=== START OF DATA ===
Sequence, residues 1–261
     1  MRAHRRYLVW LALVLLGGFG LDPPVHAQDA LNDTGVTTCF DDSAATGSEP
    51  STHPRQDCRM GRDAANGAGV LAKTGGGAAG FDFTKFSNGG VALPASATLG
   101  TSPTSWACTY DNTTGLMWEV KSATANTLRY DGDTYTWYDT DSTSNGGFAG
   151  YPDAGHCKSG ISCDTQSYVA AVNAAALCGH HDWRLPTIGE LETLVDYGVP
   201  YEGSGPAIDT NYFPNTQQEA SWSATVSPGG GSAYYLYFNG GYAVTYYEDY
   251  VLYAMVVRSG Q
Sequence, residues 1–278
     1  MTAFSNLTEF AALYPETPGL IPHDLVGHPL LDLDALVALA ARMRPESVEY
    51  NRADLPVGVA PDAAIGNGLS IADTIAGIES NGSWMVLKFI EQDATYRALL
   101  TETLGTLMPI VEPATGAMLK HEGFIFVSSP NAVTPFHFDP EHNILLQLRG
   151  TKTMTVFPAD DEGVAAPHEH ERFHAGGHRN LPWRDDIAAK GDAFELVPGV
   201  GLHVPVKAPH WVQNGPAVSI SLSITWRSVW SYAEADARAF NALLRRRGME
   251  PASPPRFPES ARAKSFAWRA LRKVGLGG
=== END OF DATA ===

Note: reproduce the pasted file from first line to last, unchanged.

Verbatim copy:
Sequence, residues 1–261
     1  MRAHRRYLVW LALVLLGGFG LDPPVHAQDA LNDTGVTTCF DDSAATGSEP
    51  STHPRQDCRM GRDAANGAGV LAKTGGGAAG FDFTKFSNGG VALPASATLG
   101  TSPTSWACTY DNTTGLMWEV KSATANTLRY DGDTYTWYDT DSTSNGGFAG
   151  YPDAGHCKSG ISCDTQSYVA AVNAAALCGH HDWRLPTIGE LETLVDYGVP
   201  YEGSGPAIDT NYFPNTQQEA SWSATVSPGG GSAYYLYFNG GYAVTYYEDY
   251  VLYAMVVRSG Q
Sequence, residues 1–278
     1  MTAFSNLTEF AALYPETPGL IPHDLVGHPL LDLDALVALA ARMRPESVEY
    51  NRADLPVGVA PDAAIGNGLS IADTIAGIES NGSWMVLKFI EQDATYRALL
   101  TETLGTLMPI VEPATGAMLK HEGFIFVSSP NAVTPFHFDP EHNILLQLRG
   151  TKTMTVFPAD DEGVAAPHEH ERFHAGGHRN LPWRDDIAAK GDAFELVPGV
   201  GLHVPVKAPH WVQNGPAVSI SLSITWRSVW SYAEADARAF NALLRRRGME
   251  PASPPRFPES ARAKSFAWRA LRKVGLGG